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Out in Deerfield Beach, on a piece of government-owned property, an eight-foot, five-inch-tall tower of beer cans looms over baby Jesus in his manger. No, it isn't a rogue Art Basel installation that crossed the county line. It's Chaz Stevens' heartfelt salute to the holiday season.
Since the end of November, Stevens — a 48-year-old self-proclaimed attention whore and "rabid atheist" whom New Times deemed "Gadfly of the Year" in 2010 — has been girding for battle with the Deerfield Beach City Commission over holiday decorations.
His beef? A Nativity scene and menorah placed on the front lawn of a city firehouse at the corner of Hillsboro Boulevard and Federal Highway. Stevens argued he should be allowed to construct his own holiday exhibit nearby.
"I would like permission to place an 'anti-religious' display this coming holiday season," Stevens wrote in an email last month to Deerfield Mayor Peggy Noland (who didn't return multiple calls for comment from the Pulp) and a handful of other city officials. "I wish for my display to be located next to the (ever present) manger and menorah."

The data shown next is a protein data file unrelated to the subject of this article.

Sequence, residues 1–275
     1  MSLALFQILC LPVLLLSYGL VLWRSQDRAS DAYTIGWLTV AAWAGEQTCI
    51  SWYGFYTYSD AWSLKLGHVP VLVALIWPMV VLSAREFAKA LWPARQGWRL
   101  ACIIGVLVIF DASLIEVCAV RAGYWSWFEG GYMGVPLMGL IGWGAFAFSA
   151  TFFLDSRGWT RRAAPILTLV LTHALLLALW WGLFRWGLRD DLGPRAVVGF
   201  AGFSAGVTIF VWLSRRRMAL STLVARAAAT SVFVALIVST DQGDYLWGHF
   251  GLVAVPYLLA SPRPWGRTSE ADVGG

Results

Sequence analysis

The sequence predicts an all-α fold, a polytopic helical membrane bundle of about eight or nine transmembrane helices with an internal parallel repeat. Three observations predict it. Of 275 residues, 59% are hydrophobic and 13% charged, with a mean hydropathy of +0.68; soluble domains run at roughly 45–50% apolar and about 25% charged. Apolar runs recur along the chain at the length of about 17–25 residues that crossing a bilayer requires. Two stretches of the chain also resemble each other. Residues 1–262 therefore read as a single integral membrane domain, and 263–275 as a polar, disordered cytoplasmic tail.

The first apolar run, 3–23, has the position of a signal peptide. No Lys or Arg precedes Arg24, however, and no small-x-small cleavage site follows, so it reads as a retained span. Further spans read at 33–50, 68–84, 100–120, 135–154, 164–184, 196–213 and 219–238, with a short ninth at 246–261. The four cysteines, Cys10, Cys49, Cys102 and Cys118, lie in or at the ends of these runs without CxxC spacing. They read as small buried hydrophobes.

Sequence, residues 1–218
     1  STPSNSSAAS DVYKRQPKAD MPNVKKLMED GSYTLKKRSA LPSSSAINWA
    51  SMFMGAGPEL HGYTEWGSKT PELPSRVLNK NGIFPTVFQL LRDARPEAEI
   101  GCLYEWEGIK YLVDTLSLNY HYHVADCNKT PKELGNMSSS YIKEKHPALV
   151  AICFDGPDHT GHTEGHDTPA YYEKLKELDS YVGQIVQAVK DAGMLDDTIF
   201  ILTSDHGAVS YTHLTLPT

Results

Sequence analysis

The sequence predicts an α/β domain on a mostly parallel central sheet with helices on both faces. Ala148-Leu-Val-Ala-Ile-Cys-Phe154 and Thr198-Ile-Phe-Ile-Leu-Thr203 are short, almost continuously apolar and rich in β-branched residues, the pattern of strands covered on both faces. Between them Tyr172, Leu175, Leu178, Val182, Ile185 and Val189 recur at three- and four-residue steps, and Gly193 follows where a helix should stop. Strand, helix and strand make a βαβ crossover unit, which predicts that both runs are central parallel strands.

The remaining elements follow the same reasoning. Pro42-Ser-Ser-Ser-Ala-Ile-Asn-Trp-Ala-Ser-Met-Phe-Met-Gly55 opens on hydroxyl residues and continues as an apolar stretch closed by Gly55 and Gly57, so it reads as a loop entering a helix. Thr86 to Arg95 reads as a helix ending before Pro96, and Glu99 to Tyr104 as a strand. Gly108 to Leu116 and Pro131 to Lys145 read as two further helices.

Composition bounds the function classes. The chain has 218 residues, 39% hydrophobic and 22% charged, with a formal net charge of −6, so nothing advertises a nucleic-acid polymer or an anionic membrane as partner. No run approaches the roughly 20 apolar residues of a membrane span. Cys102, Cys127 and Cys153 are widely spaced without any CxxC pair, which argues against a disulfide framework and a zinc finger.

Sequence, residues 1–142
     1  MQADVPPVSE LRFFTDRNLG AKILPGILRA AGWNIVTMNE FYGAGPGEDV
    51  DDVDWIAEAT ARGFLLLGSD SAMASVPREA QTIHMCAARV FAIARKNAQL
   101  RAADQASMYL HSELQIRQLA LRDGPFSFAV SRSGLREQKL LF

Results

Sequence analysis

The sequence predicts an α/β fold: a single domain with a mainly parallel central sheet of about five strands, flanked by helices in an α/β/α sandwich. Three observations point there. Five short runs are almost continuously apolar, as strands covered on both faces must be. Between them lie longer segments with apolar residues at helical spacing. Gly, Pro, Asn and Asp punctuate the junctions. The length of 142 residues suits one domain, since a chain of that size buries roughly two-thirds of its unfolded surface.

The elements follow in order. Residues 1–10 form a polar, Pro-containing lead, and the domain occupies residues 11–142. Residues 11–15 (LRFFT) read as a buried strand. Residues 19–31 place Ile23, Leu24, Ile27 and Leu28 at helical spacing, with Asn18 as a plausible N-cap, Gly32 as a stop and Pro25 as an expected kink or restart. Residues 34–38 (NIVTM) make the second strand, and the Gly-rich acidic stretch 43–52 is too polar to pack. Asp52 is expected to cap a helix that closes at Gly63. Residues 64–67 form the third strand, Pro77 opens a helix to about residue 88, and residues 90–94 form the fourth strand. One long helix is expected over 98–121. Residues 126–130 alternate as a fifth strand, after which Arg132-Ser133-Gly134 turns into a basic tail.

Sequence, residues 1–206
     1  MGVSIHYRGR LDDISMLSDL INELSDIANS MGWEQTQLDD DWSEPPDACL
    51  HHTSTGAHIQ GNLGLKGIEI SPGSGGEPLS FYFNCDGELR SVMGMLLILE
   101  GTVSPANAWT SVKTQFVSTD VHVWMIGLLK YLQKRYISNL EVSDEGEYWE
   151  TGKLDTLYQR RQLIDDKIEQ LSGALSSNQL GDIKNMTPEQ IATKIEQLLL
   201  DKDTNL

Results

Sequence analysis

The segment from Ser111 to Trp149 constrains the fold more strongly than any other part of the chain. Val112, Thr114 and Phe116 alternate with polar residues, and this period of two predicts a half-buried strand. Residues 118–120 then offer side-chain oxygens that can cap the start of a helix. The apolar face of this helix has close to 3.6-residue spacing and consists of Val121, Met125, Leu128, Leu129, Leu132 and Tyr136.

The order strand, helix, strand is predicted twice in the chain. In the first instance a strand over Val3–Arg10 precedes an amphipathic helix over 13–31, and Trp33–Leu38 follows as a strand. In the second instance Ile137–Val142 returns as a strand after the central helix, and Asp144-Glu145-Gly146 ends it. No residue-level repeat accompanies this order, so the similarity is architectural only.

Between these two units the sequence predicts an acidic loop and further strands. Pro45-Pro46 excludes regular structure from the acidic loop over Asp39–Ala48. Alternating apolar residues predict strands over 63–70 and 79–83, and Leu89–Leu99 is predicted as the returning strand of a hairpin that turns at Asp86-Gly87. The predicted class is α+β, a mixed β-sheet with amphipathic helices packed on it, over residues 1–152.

The local ACLU chapter backed Stevens, calling the city manager to press his case. Last week, City Manager Andy Maurodis called to say Stevens could build his display. Then came the hard part: figuring out what to erect.
Steven's initial suggestion — waist-high block letters reading "WTF" in candy-cane stripes — was a no-go because it could be deemed offensive. A Flying Spaghetti Monster — the god of "Pastafarians," a satirical anti-fundamentalist group — was too esoteric.
As for those who think ill of stacking up 24 beers cans and plopping the eyesore among religious icons and illuminated reindeer, Stevens has one thing to say: "Ba-fucking-humbug."